Engaging Teachers and Students in Learning and Self-Reflection
The advancements in technology in the classroom continues to grow at an exponential rate and it is important that we stay in tune with the 'times' of our world. Especially, if you are an educator. I found this chapter to be particulary useful in the fact that engaging our learners is the number one reason we are here to teach.
Digital portfolios offer efective ways for both students and teachers to assess their teaching and learning accomplishments. With a digital portfolio, you will be able to see a person's expansion of knowledge and skills over time. Unlike a paper portfolio, a digital portfolio is shared with many viewers in a variety of digital formats. Kathleen Blake Yancy distinguishes three different types of digital portfolios currently in use:
- "Online assessment systems" where "students store preselected pieces of work in a commercially or institutionally designed template."
- A "print-loaded" portfolio that takes a paper text and displays it electronically.
- A "Web-sensible" portfolio that takes a paper text and displays it electronically.
Advantages and disadvantages of digital portfolios are as follows;
Accessibility Knowledge and skill requirements
Portability Professional support
Creativity Expensive equipment
Technological self-confidence Time and energy
Community Need for increased viewer skills and equipment
Presentation distracts from content
Curriculum theorist Lee Shulman foresaw five potential dangers of portfolios:
- "Lamination," where the portfolio becomes an elaborately constructed collection of materials whose appearance dominates its substance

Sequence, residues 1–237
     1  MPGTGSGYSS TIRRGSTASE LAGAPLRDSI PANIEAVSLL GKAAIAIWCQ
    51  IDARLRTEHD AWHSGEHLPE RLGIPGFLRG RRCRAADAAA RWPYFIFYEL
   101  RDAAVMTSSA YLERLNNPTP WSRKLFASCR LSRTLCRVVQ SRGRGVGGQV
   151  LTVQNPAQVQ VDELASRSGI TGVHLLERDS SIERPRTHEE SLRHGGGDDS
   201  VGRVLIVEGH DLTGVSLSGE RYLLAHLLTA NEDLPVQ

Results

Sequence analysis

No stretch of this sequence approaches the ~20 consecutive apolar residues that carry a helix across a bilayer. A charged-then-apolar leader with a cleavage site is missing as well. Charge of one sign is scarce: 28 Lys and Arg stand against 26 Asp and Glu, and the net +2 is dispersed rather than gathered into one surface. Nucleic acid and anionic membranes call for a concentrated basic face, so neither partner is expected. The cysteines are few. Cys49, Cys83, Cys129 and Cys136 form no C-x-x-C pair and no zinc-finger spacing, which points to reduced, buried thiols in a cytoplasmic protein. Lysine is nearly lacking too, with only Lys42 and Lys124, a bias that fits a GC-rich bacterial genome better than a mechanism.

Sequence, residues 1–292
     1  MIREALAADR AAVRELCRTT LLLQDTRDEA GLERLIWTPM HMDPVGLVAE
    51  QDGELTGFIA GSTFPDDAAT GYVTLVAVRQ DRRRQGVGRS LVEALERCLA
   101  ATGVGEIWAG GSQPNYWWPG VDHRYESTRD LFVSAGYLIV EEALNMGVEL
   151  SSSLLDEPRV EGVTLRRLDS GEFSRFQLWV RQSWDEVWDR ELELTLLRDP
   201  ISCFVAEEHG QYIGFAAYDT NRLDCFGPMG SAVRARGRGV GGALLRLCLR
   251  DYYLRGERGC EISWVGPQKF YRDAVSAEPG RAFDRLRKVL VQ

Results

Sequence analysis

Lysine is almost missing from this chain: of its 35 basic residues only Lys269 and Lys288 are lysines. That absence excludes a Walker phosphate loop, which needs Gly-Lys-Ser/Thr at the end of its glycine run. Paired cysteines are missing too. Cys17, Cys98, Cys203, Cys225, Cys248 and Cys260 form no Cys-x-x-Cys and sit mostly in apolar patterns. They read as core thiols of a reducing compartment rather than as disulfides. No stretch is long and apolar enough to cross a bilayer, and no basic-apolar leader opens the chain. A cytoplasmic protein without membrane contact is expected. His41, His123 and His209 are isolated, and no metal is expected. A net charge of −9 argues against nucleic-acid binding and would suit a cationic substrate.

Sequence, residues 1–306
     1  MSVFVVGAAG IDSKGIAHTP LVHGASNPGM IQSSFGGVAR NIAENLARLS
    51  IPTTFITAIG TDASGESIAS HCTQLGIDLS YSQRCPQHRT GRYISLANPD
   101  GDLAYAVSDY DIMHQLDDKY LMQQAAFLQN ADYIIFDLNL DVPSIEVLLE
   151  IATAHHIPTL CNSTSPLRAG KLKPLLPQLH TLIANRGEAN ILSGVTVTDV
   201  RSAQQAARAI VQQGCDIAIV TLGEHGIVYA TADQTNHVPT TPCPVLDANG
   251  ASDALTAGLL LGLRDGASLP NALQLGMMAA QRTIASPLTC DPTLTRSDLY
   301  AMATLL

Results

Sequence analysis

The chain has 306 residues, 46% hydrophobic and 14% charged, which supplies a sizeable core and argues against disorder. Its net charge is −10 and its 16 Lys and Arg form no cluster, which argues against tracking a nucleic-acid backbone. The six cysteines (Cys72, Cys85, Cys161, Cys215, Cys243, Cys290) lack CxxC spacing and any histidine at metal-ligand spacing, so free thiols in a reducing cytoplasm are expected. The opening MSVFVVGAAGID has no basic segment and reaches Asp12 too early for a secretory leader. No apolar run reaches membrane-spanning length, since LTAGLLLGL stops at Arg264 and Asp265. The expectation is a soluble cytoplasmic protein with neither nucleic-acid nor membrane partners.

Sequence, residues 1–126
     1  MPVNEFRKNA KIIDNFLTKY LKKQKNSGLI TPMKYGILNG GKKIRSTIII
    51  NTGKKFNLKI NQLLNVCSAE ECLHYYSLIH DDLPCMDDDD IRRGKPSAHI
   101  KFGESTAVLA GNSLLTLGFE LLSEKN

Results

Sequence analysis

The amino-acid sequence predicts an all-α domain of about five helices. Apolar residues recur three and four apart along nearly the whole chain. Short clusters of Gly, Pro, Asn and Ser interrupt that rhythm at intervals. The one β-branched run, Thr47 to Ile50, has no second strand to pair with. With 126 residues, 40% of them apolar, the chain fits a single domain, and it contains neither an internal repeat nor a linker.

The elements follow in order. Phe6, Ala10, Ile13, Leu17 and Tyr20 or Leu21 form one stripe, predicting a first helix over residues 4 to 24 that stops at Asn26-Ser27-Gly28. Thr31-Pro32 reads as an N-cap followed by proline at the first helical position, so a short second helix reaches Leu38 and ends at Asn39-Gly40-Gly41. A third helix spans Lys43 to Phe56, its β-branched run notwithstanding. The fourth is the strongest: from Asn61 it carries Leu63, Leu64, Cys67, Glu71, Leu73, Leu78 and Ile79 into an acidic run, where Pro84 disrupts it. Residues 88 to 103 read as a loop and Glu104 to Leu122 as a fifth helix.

- "Heavy lifting," where the time needed to make the portfolio distracts and discourages the maker.
- "Trivialization," where unimportant materials dominate the collection
- "Perversion," where a quantitative scoring system used by evaluators minimizes the process of personal reflection, resulting in the portfolio becoming another test-like measure of performance
- "Misrepresentation," where the teachers include only their best materials rather than those that truly show what happens every day in the classroom
These dangers, argued Shulman, can be counterbalanced by the strengths of portfolios as a teacher assesment approach, including the following five major advantages:
- First, portfolios permit the tracking and documentation of longer episodes of teaching and learning than happens in supervisory observations.
- Second, portfolios encourage the reconnection between process and product.
- Third, portfolios institutionalize norms of collaboration, reflection, and discussion.
- Fourth, a portfolio can be seen as portable residence.
- Fifth, the portfolio shifts the agency from an observer back to the teacher intern.
Tech Tool Link TaskStream
This is a great website for teachers! With the help of TaskStream, you are able to easily design e-portfolios, teacher lesson plans, and unit builders. You have to create an account in order to join for free. This website is easily accessible and would be a great tool for any educator. I plan on using this website in the years to come!
Chapter Summary & Connection
Once again, Transforming Learning with New Technologies has filled the chapter with useful educational ideas for both students and teachers! I learned what the best perfomance based assesment for teachers and students are, as well as how digital portfolios are great tools for learning, and how to actively involve students in participation- which is crucial! One new technology tool that I learned about this chapter is a clicker- a remote control device used to respond to questions posed by teachers using student participation systems.
Maloy, Robert W. "Chapter 11/ Engaging Teachers and Students in Learning and Self-Reflection/Transforming Learning with New Technologies. Boston: Pearson/Allyn and Bacon, 2011. 304-327. Print